Visiting the Greek island of Lesvos, which has become migrants’ entry point to Europe, United Nations Secretary-General Ban Ki-moon on Saturday called on the countries in the region to respond with a humane and human rights-based approach, instead of border closures, barriers and bigotry, the UN News Centre said in an announcement.
“Today, I met refugees from some of the world’s most troubled places. They have lived through a nightmare. And that nightmare is not over,” Mr. Ban told non-governmental organizations (NGOs), volunteers and media, who gathered to hear the UN chief’s firsthand account of the situation there.
“But here in Lesvos, they have found relief from war and persecution,” he added, noting that the islanders opened their homes, hearts and wallets to support people in need.
Underlining that every month, 450 people lose their lives in the Mediterranean, the equivalent of two full transcontinental passenger jets, Mr. Ban urged the international community to do more to resolve conflicts and address the factors causing so much suffering and upheaval, and called on the countries of Europe to respond with a humane and human rights-based approach.
“Detention is not the answer,” he said. “It should end immediately. Let us work together to resettle more people, provide legal pathways, and better integrate refugees.”
Mr. Ban stressed that developing countries host 90 percent of the world’s refugees. It is time for the world to share fully in this responsibility.
“That is our political and moral obligation… One of the most beautiful words in the Greek lexicon is philoxenia — friendship towards strangers,” he concluded.
Earlier, while in Athens, Mr Ban met with Greece’s Prime Minister Alexis Tsipras and discussed the refugee crisis, urging States to address the root causes of displacement and more evenly share the responsibility for the welfare of migrants and refugees.
During a joint press conference with PM Tsipras, the UN chief acknowledged Greece’s important contributions to the United Nations across the international agenda, and thanked the people of Greece for their global citizenship.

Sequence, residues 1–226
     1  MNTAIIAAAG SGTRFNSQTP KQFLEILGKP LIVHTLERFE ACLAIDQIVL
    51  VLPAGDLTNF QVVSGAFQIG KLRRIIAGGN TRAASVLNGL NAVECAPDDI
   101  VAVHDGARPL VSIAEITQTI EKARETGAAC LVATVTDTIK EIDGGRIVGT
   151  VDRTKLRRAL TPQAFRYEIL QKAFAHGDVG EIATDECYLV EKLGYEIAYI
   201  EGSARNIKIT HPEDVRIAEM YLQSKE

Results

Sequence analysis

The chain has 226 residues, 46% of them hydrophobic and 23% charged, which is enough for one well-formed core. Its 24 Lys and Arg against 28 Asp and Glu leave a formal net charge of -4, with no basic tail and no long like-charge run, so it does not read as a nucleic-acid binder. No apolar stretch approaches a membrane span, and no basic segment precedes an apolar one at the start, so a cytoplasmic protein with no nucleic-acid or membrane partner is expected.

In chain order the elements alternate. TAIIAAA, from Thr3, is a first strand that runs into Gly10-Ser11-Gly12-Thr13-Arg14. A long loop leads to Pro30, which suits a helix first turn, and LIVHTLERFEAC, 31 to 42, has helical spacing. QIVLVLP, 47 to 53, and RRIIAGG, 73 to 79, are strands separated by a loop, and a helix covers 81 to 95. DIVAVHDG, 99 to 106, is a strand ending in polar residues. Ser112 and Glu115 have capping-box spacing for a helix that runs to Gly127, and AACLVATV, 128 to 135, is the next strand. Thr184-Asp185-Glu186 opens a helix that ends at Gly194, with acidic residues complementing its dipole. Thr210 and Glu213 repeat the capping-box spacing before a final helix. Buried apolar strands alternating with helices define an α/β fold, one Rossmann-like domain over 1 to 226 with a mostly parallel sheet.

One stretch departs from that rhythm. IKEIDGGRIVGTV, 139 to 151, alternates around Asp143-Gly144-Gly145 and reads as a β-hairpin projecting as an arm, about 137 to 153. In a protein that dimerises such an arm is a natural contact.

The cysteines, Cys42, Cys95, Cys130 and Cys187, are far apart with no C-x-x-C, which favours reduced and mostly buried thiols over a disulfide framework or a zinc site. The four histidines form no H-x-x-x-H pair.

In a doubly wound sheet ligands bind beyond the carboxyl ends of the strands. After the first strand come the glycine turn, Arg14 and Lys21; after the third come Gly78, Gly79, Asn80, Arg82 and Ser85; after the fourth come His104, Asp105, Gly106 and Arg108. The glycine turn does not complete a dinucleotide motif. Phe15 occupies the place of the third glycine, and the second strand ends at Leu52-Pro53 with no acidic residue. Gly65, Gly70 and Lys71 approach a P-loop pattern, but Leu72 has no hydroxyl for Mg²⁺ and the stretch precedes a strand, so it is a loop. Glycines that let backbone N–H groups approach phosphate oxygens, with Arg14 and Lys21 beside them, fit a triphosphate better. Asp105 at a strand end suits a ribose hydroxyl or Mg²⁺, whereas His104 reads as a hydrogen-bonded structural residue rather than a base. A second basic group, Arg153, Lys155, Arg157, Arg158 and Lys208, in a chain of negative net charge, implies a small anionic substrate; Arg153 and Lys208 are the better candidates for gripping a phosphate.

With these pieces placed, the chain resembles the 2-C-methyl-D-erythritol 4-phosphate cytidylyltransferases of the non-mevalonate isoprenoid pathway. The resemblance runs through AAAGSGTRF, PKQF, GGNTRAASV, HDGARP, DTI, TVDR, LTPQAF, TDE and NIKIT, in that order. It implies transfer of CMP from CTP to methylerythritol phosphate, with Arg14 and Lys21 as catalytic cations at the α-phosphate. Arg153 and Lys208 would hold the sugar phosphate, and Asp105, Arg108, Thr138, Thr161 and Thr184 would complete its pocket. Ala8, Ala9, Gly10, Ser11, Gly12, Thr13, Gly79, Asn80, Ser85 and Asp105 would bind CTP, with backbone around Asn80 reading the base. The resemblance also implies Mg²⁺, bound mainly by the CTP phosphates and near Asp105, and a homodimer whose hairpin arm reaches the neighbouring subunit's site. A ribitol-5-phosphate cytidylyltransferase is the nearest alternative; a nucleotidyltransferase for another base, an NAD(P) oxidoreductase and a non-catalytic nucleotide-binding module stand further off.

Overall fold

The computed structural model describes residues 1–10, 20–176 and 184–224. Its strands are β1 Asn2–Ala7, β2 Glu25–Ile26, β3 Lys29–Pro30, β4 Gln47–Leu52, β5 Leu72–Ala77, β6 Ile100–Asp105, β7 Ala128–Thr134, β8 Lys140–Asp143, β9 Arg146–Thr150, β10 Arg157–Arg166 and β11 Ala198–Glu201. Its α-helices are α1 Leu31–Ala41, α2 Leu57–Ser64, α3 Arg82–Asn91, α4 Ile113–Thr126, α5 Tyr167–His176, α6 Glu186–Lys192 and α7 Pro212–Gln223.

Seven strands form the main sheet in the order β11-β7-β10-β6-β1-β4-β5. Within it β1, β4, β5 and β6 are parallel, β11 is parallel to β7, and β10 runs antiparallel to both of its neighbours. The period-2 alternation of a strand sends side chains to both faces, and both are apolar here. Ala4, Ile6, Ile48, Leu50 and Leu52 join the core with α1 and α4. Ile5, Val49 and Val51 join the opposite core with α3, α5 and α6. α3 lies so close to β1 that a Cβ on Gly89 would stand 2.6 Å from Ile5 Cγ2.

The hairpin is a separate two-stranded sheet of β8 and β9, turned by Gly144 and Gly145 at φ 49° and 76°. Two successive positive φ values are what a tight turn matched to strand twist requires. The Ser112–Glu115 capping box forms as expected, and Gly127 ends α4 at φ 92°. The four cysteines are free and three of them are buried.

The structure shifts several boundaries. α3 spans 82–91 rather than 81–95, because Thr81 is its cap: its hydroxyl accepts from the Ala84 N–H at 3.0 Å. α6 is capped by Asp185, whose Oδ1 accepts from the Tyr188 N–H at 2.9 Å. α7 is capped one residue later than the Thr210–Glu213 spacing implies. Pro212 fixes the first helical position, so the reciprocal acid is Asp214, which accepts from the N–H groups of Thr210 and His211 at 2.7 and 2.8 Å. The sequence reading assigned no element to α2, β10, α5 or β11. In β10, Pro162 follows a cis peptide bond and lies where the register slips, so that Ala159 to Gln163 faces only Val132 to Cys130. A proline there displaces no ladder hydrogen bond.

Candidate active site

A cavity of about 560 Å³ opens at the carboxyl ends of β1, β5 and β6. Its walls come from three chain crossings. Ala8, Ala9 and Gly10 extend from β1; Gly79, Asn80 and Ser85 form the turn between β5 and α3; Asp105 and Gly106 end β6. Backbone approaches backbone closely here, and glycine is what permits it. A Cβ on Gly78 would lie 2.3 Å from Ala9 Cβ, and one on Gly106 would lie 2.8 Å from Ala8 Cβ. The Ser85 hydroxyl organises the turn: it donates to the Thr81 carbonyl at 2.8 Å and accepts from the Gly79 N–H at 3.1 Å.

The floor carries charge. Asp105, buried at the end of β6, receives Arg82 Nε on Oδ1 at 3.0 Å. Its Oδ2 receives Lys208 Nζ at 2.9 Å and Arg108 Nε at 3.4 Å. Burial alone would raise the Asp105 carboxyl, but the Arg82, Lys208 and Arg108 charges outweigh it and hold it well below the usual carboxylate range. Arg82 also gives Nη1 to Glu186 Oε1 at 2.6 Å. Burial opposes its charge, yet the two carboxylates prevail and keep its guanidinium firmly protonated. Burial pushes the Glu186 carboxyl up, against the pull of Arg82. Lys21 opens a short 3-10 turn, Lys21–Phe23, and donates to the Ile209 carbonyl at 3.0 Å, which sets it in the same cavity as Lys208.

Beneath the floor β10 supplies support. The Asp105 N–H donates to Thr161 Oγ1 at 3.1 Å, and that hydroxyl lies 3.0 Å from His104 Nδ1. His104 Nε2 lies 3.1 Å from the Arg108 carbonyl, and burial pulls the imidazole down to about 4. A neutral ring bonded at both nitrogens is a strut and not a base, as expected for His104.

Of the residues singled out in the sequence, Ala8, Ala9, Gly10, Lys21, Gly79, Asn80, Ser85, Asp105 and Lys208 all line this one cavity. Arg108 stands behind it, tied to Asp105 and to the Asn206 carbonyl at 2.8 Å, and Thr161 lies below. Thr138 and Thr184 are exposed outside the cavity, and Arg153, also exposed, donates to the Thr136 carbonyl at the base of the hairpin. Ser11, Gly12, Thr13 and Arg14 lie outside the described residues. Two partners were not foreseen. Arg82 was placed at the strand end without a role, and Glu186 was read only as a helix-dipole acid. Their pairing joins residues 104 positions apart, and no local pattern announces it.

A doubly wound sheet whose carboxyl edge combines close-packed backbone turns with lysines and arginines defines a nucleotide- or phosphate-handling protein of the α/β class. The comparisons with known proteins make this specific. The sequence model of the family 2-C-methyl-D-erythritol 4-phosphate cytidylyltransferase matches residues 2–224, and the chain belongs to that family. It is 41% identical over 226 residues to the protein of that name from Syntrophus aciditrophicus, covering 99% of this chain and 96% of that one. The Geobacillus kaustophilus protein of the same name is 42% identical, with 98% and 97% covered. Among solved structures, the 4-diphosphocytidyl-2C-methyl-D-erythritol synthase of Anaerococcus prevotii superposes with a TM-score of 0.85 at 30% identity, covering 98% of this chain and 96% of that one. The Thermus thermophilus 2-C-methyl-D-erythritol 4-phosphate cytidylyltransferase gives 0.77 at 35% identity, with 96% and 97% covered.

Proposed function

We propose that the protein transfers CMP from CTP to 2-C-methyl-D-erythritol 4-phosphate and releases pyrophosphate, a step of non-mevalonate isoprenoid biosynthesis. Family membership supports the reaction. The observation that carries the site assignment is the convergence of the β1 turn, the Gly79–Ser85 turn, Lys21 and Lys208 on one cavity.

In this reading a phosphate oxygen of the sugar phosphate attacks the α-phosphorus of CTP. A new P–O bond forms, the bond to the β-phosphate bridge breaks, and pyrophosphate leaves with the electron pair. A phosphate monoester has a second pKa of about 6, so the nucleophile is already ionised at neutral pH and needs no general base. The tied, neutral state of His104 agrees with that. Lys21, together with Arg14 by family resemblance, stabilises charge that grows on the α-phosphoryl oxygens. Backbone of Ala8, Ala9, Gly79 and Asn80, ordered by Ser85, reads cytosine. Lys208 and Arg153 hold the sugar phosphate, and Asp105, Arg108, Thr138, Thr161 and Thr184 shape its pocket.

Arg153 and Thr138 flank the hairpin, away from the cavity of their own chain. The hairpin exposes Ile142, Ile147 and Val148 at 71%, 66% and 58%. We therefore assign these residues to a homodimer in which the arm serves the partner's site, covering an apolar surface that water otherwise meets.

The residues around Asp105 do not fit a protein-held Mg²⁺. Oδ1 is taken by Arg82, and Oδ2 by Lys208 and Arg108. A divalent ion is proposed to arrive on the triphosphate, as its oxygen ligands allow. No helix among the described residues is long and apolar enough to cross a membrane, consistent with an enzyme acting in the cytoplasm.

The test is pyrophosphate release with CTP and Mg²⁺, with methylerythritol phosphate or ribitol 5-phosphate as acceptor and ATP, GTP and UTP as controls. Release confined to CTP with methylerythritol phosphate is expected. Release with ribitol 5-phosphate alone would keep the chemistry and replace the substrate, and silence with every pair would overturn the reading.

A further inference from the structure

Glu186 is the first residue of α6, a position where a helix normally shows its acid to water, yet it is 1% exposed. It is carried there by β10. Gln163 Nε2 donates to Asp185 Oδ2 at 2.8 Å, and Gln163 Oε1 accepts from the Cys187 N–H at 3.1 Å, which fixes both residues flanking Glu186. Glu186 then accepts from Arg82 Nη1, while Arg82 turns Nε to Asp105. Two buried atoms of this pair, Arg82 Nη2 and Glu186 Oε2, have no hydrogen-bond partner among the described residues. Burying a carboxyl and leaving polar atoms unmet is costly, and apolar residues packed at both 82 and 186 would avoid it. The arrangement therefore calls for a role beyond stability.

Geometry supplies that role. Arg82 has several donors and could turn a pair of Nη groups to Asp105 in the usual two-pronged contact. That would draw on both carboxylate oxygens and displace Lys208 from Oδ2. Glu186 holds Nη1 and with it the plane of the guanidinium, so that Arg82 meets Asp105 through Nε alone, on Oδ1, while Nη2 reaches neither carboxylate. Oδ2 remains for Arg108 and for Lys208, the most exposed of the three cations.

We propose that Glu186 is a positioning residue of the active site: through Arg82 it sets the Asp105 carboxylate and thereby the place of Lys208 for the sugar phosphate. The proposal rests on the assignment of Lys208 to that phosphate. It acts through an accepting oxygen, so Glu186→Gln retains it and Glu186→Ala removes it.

“Despite the country’s own economic troubles, Greece has been generous in saving lives,” he said. “Greece should not be left to address this challenge on its own… I continue to call for greater sharing of this responsibility across Europe and, indeed, across the world,” he added.
On his part, the Greek PM stressed that the role of the UN is crucial to defend and ensure peace and stability.
“This past year my country went through an unexpected humanitarian crisis because of refugee flows. I myself, the Government, the State and the people feel proud that the Greeks faced the refugees with solidarity and compassion”, he said.
PM Tsipras also referred to the EU-Turkey agreement, thanks to which refugee flows have dropped and the fatalities in the Aegean Sea have stopped.
Mr. Ban and the Prime Minister also discussed the conflict in Syria, recent terrorist attacks and other challenges that are causing large-scale suffering and instability, as well as the Middle East peace process.
Other issued touched included the Greek Cypriot and Turkish Cypriot talks and the 2030 Agenda for Sustainable Development and the climate change challenge.
The UN chief arrived in Greece on Friday and met with President Prokopis Pavlopoulos.
Mr. Ban’s two-day visit to Greece came just ahead of World Refugee Day on June 20, and in the runup to the UN General Assembly’s High-Level Meeting to address the large movements of refugees and migrants, on September 19.
Ahead of World Refugee Day, the Office of the UN High Commissioner for Refugees (UNHCR) has recently launched the #WithRefugees petition, which aims to gather public support for the growing number of families forced to flee conflict and persecution worldwide.